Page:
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West Belt Christchurch 1866

West Belt – (Park Terrace, Rolleston Ave) – Christchurch, 1866

I came across the following interesting newspaper article. (and didn’t they have a lovely turn of phrase) It gives you a taste of how, what is now a expensive address, used to look like.
Turning southward from the western extremity of the North Town Belt, we find that the so-called Town Belt has been misnamed, for it is not a belt. It does not encircle the town, but comprises only three sides of a aparallelogram. On the West side of the town the belt is absent, but instead of it, there is Antigua street. Into this we pass over an incline of about four feet, which runs obliquely across the street and find it covered with tussocks and flax bushes. The ground is firm, but very uneven, and two sections of it are cut off from the main area by gullies through which the Avon flows when the water is high. The width of this street, as far south as Armagh Street is irregular, as its western boundary is the river, whose curves it follows.
There are several excellent dwelling houses on the east side of the street, the most handsome of which is that of Mr Hawdon, at the corner of Salisbury street. South of this point, the ground becomes more level, the flax has been left behind, and the tussocks are fewer and smaller. Opposite Peterborough street there is a boat-house. The road has continued to improve, and may now be said to be easily passable by vehicles, and there is a good footpath. At Armagh street there are a foot-bridge across the Avon into Hagley park, and a neat palisade along the margin of the river for the protection of unwary passengers travelling westward. The road here is here metalled, and exhibits signs of much traffic on its surface. The river now winds off to the west, and the road is skirted by the close of Christ’s College Grammar School and Library, whose spire had been long visible in the distance.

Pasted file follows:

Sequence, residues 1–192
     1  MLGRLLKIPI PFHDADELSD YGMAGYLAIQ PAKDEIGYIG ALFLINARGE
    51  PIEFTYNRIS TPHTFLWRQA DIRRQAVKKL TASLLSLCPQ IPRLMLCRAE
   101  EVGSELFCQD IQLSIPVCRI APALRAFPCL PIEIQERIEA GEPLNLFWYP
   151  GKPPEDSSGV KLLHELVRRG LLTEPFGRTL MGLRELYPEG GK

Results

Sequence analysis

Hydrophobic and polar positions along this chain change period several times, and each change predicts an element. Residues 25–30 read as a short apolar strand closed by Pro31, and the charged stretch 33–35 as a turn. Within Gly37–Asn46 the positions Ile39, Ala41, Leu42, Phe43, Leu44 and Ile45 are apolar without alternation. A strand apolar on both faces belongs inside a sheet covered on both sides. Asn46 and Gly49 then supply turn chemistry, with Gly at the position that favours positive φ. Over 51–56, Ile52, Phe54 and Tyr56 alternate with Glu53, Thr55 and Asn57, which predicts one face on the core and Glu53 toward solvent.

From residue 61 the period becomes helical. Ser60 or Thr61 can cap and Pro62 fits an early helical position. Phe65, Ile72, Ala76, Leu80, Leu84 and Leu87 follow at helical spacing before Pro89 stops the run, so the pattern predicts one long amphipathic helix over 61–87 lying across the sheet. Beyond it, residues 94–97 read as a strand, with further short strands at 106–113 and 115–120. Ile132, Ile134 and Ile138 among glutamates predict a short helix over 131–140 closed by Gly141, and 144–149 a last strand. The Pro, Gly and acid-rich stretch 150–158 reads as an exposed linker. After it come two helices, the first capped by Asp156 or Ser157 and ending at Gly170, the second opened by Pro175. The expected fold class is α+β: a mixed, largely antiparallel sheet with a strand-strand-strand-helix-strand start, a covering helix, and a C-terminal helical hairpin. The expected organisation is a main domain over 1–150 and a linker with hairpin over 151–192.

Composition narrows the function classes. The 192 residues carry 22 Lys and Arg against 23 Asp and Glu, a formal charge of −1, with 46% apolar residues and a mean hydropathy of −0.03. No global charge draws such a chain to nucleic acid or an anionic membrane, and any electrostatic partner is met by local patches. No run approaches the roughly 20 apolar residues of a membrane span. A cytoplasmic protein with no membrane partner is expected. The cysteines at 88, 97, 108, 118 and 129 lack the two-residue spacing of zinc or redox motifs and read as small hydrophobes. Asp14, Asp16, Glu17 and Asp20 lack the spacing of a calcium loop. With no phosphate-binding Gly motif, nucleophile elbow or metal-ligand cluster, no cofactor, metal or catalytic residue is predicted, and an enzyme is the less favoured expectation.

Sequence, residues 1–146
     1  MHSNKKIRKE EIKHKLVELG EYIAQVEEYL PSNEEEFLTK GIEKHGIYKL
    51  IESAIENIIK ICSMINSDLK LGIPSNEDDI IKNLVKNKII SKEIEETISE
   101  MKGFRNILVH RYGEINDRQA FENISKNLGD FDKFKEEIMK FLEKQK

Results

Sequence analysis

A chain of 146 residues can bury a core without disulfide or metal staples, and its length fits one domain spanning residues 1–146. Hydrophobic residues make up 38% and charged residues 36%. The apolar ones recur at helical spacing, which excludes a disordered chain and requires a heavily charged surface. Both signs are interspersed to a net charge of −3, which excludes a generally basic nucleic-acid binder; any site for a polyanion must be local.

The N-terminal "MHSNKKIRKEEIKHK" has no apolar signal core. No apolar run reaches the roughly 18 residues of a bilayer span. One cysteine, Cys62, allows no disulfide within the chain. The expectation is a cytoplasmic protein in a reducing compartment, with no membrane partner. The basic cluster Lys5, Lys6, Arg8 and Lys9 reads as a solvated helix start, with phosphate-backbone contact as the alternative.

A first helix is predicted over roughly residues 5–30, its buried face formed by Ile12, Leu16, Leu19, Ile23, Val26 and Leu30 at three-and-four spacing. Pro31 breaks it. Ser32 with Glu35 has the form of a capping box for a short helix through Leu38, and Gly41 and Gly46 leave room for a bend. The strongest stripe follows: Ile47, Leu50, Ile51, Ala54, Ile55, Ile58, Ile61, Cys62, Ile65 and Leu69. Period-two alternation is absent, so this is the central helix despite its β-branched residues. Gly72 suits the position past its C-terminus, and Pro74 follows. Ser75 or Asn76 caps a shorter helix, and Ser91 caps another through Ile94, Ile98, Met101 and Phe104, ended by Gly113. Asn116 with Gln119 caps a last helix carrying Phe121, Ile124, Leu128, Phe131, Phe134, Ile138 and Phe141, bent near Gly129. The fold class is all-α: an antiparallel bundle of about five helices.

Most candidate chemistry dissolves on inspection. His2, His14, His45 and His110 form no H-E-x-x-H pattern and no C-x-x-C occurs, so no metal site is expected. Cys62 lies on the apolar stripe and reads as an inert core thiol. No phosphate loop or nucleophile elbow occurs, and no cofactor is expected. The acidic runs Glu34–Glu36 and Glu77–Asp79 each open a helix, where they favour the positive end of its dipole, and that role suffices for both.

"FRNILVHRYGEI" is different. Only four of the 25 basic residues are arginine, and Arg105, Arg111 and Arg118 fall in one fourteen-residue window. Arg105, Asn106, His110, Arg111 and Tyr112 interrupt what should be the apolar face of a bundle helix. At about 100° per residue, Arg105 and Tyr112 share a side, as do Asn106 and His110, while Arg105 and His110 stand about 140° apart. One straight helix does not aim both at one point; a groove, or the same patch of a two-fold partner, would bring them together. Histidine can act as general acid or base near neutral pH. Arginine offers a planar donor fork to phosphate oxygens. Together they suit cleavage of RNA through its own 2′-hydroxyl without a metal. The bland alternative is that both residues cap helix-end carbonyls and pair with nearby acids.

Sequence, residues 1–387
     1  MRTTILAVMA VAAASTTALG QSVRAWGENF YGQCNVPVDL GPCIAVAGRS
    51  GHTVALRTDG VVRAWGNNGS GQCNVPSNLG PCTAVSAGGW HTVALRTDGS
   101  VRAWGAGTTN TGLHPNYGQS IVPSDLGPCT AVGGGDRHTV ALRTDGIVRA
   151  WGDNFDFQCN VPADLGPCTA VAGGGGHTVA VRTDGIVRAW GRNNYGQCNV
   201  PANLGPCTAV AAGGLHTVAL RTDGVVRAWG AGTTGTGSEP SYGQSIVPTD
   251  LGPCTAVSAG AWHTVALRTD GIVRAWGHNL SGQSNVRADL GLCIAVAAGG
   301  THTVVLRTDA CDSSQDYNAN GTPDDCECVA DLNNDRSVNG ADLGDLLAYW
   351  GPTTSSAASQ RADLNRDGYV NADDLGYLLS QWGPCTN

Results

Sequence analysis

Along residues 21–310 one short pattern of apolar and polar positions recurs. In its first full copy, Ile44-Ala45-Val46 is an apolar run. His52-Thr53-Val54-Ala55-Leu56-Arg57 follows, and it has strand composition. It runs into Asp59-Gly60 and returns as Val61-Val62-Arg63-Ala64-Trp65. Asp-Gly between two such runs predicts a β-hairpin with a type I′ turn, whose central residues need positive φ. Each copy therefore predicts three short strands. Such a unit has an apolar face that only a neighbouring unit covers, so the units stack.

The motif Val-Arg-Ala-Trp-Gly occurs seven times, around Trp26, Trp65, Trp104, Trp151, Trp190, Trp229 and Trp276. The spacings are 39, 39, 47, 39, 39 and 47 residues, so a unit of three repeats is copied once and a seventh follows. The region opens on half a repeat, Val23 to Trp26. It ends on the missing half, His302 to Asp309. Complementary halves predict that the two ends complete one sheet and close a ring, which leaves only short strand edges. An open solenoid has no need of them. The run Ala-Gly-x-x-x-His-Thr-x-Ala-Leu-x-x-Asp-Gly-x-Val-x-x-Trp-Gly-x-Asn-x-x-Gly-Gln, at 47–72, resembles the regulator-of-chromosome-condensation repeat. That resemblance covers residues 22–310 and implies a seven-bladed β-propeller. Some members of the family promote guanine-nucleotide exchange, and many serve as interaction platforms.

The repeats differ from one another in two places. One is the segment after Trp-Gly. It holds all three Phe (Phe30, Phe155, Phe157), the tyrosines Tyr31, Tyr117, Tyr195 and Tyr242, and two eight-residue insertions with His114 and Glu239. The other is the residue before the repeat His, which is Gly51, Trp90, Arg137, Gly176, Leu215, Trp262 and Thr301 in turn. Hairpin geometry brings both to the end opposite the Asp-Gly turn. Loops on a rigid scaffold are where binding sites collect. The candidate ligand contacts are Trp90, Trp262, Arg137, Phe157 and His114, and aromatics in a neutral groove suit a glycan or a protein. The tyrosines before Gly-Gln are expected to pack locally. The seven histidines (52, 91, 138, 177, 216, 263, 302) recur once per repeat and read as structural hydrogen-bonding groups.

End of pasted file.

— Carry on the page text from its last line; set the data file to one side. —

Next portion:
Within this scholastic precinct is an assemblage of Gothic and cloistered wooden buildings – a humble colonial offshoot of the grand and time -honoured universities of Great Britain, made to appear as ancient and venerable as the newness of material would permit, and skill of the ecclesiastical architect could accomplish. At the south extremity of the College grounds the street is abruptly narrowed about 40feet by a projection of the Govt Domain, which is continued southward to Cashel Street where it is terminated by the river which by having pursued its devious track around the Collegiate Estate and through the Govt Domain, here runs Eastward and crosses Antigua Street. Opposite the domain, are the house of Rev Torlesse and the asylum, known as The Refuge. There is no bridge at Antigua street, but there is one at the next- Montreal Street.

Lyttelton Times, 2 March 1866

You will note there is no mention of the Canterbury Museum, it didn’t come into being until the 1870’s and the Botanical Gardens seem to have straightened out what is now Rolleston Ave.

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